I know someone will say, "well, survey them..." but anything bit more specific?
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          • Profile picture of the author Takuya Hikichi
            Paul,

            Very nice. Jay Abraham said the same thing and it's good to be reminded of.
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        • Profile picture of the author MaskedMarketer
          Originally Posted by the_writer View Post

          hey guys,

          You forgot a biggie...

          Curiosity...

          A lot of the great copywriters have quoted curiosity as the strongest motivator to buy of all...after all it's the way people increase their email open rates, get their forums posts read, and tons of other stuff besides.

          Powerful stuff when used right, as are most of these other motivators

          Also, don't forget Exclusivity - that's people buying because they want to fit into a certain group or image, or even just because there's only so many of something. Look at companies like Franklin Mint, and even QVC...these guys make tens of millions of bucks by producing stuff in limited quantities...all because of the motivation of exclusivity...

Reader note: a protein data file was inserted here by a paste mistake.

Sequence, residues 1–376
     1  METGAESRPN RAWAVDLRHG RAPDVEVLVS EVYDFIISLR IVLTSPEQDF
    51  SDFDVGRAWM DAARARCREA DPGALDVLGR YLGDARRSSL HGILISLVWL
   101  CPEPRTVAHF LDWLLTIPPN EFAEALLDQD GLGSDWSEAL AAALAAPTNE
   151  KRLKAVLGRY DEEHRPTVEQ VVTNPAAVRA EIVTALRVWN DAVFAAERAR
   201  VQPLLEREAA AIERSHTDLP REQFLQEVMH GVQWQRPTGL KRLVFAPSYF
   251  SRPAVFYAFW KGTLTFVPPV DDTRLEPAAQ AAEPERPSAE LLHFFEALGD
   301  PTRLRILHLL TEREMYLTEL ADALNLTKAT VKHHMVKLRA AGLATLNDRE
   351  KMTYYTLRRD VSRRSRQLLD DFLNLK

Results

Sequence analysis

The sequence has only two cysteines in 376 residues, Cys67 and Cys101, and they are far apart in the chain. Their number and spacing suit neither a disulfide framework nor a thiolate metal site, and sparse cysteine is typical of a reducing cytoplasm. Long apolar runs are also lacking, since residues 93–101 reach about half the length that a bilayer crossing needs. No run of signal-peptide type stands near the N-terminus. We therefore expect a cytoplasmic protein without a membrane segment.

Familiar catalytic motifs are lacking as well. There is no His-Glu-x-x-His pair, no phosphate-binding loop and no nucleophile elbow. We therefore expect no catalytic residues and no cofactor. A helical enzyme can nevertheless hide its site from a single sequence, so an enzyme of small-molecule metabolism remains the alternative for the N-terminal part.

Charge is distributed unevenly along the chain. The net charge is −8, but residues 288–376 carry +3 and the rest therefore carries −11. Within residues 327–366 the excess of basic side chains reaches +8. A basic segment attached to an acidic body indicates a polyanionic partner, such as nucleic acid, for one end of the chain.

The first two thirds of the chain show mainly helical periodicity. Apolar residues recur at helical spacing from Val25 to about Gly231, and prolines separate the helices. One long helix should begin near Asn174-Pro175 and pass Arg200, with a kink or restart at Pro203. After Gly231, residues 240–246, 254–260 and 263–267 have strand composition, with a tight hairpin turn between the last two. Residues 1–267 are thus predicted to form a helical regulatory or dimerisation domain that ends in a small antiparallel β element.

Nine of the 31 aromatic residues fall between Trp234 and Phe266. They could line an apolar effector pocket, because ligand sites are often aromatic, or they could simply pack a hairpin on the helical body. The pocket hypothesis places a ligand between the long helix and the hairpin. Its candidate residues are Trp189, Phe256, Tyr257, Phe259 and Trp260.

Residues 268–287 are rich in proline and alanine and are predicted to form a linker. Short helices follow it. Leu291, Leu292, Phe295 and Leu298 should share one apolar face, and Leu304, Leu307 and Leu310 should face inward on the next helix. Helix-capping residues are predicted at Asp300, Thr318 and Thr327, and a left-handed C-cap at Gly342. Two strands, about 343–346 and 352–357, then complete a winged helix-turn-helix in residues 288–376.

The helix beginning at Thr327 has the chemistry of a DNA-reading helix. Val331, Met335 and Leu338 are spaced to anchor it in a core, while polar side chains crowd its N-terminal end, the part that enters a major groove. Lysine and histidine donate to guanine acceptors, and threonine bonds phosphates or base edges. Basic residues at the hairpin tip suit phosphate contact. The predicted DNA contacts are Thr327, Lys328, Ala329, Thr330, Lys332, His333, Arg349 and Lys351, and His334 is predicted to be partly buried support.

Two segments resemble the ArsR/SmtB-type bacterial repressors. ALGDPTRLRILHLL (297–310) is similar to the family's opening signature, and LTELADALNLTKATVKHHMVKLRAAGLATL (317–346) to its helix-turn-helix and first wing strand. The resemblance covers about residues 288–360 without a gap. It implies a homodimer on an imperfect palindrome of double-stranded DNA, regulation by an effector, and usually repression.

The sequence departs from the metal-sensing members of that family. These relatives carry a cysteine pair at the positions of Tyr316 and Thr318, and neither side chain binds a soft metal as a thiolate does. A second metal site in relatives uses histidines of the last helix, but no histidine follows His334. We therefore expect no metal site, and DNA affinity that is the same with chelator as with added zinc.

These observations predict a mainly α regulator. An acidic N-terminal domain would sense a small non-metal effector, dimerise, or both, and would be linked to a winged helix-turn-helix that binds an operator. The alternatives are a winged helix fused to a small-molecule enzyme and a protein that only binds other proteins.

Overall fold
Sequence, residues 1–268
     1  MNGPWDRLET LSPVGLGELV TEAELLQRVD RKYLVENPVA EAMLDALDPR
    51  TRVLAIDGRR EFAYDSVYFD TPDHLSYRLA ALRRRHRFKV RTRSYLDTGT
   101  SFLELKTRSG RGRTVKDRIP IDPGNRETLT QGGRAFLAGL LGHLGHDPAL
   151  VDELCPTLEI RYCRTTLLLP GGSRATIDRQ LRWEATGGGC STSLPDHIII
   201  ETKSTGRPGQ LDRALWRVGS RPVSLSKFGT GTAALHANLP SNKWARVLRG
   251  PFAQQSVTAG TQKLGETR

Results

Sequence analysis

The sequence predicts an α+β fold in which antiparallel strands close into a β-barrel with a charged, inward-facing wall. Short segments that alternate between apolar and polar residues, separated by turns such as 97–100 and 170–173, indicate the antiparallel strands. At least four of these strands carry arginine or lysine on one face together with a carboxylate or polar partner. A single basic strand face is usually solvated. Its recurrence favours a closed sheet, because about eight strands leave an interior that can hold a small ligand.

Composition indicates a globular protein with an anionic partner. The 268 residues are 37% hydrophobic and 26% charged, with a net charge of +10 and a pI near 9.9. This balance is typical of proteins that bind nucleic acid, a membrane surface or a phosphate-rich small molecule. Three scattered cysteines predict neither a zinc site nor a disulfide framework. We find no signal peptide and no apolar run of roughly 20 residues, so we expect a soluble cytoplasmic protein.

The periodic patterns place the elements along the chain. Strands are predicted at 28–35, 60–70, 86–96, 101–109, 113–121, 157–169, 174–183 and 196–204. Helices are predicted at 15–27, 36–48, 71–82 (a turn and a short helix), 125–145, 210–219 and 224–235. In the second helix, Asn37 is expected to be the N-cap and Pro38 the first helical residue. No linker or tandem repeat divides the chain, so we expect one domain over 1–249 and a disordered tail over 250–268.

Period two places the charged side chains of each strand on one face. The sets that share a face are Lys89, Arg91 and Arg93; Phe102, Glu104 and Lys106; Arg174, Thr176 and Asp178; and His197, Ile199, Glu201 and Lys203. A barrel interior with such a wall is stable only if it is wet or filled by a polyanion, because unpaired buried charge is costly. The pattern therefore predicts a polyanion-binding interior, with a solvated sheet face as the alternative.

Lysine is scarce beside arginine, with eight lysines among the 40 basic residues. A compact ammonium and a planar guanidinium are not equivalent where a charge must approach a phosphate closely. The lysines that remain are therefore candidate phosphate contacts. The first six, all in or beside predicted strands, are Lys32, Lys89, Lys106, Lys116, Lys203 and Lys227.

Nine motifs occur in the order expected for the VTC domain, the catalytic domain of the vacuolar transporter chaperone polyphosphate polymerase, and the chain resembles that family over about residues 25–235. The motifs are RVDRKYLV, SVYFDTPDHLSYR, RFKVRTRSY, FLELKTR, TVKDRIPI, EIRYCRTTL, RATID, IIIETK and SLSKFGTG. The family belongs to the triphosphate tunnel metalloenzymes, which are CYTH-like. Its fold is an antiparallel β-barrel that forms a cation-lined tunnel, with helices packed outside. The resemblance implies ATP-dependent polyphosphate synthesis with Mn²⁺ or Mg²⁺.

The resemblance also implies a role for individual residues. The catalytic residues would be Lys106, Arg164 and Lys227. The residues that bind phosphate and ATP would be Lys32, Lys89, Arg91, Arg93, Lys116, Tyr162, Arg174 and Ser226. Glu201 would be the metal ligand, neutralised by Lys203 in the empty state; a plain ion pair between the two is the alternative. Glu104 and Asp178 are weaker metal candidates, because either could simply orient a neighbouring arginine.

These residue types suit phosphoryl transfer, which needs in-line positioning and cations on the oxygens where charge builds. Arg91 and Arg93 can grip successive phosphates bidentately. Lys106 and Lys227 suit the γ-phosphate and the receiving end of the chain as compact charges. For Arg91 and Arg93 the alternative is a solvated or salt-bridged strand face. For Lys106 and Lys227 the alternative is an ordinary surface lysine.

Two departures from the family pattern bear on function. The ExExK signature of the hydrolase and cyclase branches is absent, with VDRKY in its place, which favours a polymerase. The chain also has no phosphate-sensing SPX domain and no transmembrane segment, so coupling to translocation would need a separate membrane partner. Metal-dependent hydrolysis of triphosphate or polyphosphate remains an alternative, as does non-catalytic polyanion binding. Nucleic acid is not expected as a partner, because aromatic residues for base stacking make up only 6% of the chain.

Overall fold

David
          Yeah curiosity def. is a good selling point. Isn't everyone naturally curious?

          This reminds me of a show I was watching the other day called "myth busters" (which actually sucked btw.) And as I was watching I noticed the same elements in which info marketers use as others- which is curiosity.

          So they had a few different myths going on they had to bust, but of course they would never show the entire myth being busted all at once. What they would do is show one myth and do some tests with no conclusion then move on to the next one and next one and next one and never conclude them all until the very end of the show.

          Obviously this gets there ratings up because people want to know how it ends and there is more of chance they would watch it due to the curiosity factor. This is also known as the Zeigarnik Effect.

          Even though the show sucked, I finished it because I wanted to know how it ended. Shows that the product doesn't even have to be good sometimes if there is curiosity in it. Also, news stations do this as well to get you to stay glued to there station.
          Signature

          "One Man's Ceiling is Another Man's Floor
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          "I Pay Less Attention to What Men Say. I Just Watch What They Do."